Review by Klaus Schroiff, published February 2023
Welcome to our new mini-series of vintage lens tests – and this time, it’s not just about some vintage-style lenses but truly about lenses from the 1970s to the early 1980s. In phase I, we’ll have a look at lenses around the 100mm f/2.8 mark with a typical used-market value between $100 to $200. This is probably the financial sweet spot for vintage lenses that you don’t just want to collect but intend to use. There are substantially more expensive (and better) lenses from this era but you have to be quite an enthusiastic believer in this case. Thus let’s keep more ground contact here. Our 1st “victim” is the Asahi Pentax Super-Multi-Coated Takumar 105mm f/2.8. We believe that this specific type was manufactured between 1971 and 1974. Depending on the source, there were 3-5 different variations of this lens. This is a “late” model of the series.
Some readers may wonder about the “Asahi” in the name. Asahi Pentax was a brand owned by Asahi Optical Co., Ltd, which is now simply known as Pentax. The company was founded as “Asahi Kogaku Goshi Kaisha” in 1919 in Japan and produced a wide range of camera equipment, including 35mm film cameras, medium format cameras, and lenses. One of the most famous and popular camera models of Asahi Pentax was the Spotmatic, which was introduced in 1964 and was one of the first cameras to use a through-the-lens light meter to determine the correct exposure. Eventually, Asahi Optical Co. Ltd was renamed Pentax Corporation – surprisingly, as late as 2002.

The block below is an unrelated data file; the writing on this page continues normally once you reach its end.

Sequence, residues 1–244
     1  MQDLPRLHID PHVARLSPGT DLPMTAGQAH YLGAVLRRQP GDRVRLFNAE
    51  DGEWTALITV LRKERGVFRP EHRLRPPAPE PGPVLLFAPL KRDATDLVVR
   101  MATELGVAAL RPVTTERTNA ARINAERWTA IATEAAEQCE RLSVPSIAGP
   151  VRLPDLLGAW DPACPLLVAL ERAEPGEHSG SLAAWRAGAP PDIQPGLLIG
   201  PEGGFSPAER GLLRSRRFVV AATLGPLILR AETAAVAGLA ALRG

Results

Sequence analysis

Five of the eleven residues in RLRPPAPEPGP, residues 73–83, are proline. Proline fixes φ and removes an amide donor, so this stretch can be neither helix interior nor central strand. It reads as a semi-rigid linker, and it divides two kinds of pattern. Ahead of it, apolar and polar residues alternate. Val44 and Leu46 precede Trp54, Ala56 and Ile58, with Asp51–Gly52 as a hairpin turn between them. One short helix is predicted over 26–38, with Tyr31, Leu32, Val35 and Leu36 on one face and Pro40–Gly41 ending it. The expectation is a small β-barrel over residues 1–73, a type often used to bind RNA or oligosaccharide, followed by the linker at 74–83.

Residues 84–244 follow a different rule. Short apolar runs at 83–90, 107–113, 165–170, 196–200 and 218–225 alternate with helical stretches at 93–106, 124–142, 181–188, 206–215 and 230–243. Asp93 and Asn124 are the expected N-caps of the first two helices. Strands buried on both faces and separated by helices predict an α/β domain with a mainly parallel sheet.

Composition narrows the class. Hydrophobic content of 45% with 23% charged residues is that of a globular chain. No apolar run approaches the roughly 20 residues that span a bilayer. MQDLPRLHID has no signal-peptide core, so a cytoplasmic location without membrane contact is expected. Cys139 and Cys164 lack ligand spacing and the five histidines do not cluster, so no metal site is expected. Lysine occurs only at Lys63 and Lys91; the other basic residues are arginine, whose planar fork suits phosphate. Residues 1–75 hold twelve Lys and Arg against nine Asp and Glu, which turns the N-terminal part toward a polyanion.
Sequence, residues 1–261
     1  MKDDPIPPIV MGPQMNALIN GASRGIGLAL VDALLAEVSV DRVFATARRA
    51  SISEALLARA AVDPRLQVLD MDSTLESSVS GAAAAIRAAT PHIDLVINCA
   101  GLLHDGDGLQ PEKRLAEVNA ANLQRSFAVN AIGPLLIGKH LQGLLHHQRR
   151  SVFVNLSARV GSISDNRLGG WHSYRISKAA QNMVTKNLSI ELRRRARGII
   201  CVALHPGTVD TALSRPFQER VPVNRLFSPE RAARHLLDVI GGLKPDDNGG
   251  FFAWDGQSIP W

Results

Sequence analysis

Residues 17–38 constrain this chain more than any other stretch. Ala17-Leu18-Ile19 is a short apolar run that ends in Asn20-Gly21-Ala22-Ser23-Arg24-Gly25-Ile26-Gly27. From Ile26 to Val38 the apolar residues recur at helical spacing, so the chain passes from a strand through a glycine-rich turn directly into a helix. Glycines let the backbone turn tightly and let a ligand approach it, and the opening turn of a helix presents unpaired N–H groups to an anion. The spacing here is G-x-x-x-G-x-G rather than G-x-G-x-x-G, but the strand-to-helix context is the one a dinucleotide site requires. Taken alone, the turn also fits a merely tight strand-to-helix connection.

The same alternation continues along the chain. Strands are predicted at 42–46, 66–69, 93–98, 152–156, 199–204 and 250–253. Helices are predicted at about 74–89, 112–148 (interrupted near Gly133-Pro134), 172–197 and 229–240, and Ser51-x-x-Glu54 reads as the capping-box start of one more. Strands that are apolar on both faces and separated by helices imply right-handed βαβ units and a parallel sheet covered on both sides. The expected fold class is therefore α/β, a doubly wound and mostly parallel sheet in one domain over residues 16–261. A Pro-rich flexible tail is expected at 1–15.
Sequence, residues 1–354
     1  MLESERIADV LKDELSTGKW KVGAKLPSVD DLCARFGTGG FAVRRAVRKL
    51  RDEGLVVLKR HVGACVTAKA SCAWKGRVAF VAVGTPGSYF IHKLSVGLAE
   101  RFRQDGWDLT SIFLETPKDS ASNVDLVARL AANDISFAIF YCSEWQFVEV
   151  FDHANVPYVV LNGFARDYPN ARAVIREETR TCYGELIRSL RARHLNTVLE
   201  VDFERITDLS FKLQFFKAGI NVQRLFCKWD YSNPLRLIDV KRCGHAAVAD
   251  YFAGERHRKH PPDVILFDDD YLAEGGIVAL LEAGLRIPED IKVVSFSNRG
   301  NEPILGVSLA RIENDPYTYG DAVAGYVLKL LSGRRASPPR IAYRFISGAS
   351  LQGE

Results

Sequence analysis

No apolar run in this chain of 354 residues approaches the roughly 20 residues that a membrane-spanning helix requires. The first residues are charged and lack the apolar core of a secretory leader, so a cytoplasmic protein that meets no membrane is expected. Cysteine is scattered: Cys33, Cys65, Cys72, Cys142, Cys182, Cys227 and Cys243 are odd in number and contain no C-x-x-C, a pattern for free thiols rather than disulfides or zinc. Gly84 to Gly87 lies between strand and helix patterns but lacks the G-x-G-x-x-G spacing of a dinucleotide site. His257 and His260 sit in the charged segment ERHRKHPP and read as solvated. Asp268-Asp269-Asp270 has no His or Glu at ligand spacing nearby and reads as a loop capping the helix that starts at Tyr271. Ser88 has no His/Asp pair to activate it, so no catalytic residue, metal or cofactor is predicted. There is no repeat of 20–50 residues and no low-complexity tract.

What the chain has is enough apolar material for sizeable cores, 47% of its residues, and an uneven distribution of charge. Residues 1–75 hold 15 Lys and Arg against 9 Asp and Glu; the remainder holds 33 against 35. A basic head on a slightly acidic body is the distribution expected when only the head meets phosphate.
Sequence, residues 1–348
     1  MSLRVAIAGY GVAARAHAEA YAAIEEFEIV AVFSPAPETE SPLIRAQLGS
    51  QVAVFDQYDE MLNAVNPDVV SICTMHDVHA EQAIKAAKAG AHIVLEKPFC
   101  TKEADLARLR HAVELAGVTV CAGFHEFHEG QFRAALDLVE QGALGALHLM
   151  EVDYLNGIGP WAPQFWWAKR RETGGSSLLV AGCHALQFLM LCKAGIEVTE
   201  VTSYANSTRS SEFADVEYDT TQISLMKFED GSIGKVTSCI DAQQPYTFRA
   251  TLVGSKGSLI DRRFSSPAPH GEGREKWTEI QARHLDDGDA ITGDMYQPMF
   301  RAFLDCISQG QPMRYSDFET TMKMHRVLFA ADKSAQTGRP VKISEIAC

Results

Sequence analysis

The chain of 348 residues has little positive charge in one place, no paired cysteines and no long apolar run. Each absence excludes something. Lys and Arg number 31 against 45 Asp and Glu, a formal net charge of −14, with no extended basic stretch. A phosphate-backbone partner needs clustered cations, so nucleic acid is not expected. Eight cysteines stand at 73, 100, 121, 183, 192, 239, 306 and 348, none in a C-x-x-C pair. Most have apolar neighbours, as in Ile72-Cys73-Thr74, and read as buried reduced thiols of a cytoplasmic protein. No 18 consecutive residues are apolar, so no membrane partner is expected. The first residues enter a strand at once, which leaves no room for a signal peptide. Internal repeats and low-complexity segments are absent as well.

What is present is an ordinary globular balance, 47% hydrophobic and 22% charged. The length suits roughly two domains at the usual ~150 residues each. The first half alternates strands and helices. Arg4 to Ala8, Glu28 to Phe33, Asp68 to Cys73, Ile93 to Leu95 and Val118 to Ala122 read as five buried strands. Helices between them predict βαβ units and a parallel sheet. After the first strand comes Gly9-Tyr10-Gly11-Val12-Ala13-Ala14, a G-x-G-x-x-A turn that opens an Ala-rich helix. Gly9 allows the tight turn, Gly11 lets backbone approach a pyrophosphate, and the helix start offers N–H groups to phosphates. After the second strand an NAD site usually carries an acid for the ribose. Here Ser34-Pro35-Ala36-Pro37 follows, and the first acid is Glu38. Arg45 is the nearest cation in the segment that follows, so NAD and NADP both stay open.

The build quality of the Asahi Pentax Super-Multi-Coated Takumar 105mm f/2.8 is positively old school, meaning that the lens body is fully made of metal. The focus ring operates as smoothly as silk – probably the best mechanical focus feedback that we ever experienced at OpticalLimits. The clicked aperture ring also screams quality. If you didn’t know that the lens is 50 years old, you wouldn’t believe it (we got a sample in mint condition).
Another astonishing realization is the size of the lens. A modern 100mm lens isn’t big, but the Pentax lens is tiny. Unfortunately, this applies to the naked lens only. It has an M42 screw mount, and with the added M42-to-E-mount adapter, it loses some of its appeals. There are, of course, several aspects where you can notice its age. The inner lens tube extends when focusing towards shorter focus distances, and there is no formal weather-sealing at all. The M42 mount also means that you can quickly change to another M42 lens just like this – having a screw mount basically means that it has to have its own adapter when using it on today’s cameras.